The real cost of buying a house

When moving house, most will have mastered the art of budgeting and saving to finance the home itself. But when it comes to the actual move, you must factor in all of the additional costs – from Stamp Duty and new furniture to redirected post. Here, we break down the true cost of buying a house so you don’t have to.

So, how much does it cost to buy a house? There are two sides to your costs: the upfront fees and the extra, ‘on the day’, costs that you may have forgotten about.  

The upfront costs

  1. Stamp Duty 
  2. Mortgage deposit and mortgage fees
  3. Valuation and house survey fees
  4. Conveyancing fees

Preparing to move

  1. Cleaning fees
  2. Removals costs

Once you’re in

  1. Redirecting the post
  2. Setting up the bills
  3. Furnishings

The Upfront Costs

What are Stamp Duty fees? 

Stamp Duty fees are an additional cost involved when buying a house or land in the UK. It’s a tax that is charged at a gradable rate based on the value of your new property. It also takes into consideration whether you’re a first-time buyer or if you already own property. 

You can check which Stamp Duty rate you’ll be charged at using HMRC’s Stamp Duty Land Tax Calculator

How much are the mortgage costs?  

When it comes to buying a home, your mortgage does the hard work for you. Most lenders will require at least a 5% deposit towards the full house price and there are usually mortgage fees associated, which can be anywhere up to £2,000. 

To ensure the mortgage is accurately calculated, most lenders will require a valuation to ensure that your new home is valued at the appropriate price and doesn’t have any hidden surprises. Valuation Fees will be paid here as part of your mortgage costs. 

Buyers can also undertake a private survey to gather additional, more in-depth information which can cost you anywhere up to £400. 

For more information on what mortgages are available, take a look at our guide to the different mortgages types.

How much are Legal Fees when buying a house?

You can expect to pay anywhere between £800 and £1,500 for these costs. Legal Fees, otherwise known as Conveyancing fees cover all the work ticked off by your solicitor or Conveyancer. Alongside their rates, you’ll need to factor in disbursements.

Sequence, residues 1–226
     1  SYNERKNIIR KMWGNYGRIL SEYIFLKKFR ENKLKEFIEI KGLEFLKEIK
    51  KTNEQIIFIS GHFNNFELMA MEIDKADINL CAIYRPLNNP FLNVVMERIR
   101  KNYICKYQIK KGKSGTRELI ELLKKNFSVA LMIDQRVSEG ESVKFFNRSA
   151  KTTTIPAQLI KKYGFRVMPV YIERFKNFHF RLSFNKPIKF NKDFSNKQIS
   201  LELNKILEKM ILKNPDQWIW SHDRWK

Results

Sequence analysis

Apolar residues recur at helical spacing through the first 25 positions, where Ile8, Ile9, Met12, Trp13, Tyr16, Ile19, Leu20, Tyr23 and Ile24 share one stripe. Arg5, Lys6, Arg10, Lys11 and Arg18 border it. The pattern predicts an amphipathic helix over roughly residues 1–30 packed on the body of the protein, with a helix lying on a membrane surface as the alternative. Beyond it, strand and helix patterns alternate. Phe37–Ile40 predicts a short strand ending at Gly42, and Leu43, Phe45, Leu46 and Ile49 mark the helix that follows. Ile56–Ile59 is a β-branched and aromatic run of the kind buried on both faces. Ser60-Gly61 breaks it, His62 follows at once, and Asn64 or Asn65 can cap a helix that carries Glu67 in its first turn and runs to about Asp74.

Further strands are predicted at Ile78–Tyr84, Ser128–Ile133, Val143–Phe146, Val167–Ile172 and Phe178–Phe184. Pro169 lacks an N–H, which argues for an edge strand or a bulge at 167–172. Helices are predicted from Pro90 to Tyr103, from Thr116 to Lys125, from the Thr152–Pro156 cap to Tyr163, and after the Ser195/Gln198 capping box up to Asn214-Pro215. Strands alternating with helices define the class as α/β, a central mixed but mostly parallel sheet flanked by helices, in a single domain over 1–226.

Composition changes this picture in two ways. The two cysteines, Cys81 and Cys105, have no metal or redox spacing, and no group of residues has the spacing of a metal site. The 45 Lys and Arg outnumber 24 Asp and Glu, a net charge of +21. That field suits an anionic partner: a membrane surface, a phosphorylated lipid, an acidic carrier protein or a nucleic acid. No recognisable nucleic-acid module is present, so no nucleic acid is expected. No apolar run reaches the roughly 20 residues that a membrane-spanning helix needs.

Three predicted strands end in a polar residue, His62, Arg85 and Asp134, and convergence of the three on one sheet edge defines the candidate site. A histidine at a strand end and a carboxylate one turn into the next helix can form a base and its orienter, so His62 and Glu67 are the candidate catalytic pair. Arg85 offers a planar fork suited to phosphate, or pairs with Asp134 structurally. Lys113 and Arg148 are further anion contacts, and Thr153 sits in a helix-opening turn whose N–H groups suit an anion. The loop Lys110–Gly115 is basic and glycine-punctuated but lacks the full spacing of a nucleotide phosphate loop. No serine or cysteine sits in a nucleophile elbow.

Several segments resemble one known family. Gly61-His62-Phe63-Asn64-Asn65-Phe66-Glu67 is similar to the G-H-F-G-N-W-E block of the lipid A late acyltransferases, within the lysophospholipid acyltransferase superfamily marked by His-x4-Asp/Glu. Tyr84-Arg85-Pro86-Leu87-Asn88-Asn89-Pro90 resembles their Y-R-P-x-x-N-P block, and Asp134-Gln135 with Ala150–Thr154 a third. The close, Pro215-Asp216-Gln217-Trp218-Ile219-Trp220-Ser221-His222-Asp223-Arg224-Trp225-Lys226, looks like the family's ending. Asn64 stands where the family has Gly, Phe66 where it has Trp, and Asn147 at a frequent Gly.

These costs cover legal checks such as: 

Preparing to move

Clean as a whistle  

Ensuring your old home is ready for its new residents and your new home is all set to move into can be a tedious job, but one that needs doing nonetheless. If you’re currently living in rented accommodation you should always check your contract to see what level of cleanliness is expected. 

If a deep clean is in store, you may wish to consider a professional cleaning service to help you get the job done. 

The big move

The move itself must be factored into your fees when buying a house, from temporary storage costs to removals companies and van hire; there’s lots to consider before you can get your belongings into your new place. 

Once you’re in your new home

Redirecting post

For some time you may find that your mail is arriving in the wrong place. To avoid lost post you can pay £33.99 for up to three months or £69.99 for the first year after you’ve moved, to have your mail redirected to your new home. 

Setting up utilities

Utilities and Council Tax are just some of the household bills that will need to be considered once you’ve moved home. If you’re moving counties, your Council Tax costs may change quite radically and bills will fluctuate depending on the size of your property. Make sure to prepare ahead of time, so that you’re well equipped for all costs. 

To help get your finances in order, download our budgeting spreadsheet!

The final touches

Once you’ve got the keys and you’re finally in, your attention will likely then turn to making the place your own. Whether you’re bringing furniture with you or you’re starting anew, interior design costs can stack up.

It’s not uncommon for excited buyers to start buying furniture and decor items before moving in. Try to avoid the bigger buys until you’ve had a little time to settle and get to know the space. This will help to avoid non-refundable purchases that don’t fit or ‘look right’ in your new home. 

On a budget? By adopting second-hand furniture or making arrangements with previous buyers, you can keep costs to a minimum and work on your interiors over time.

Next steps 

If you’re looking to get onto the property ladder and need some help organising your finances for your mortgage, get in touch with our dedicated team today by calling us on 0345 1645790 or submitting your query via our online form.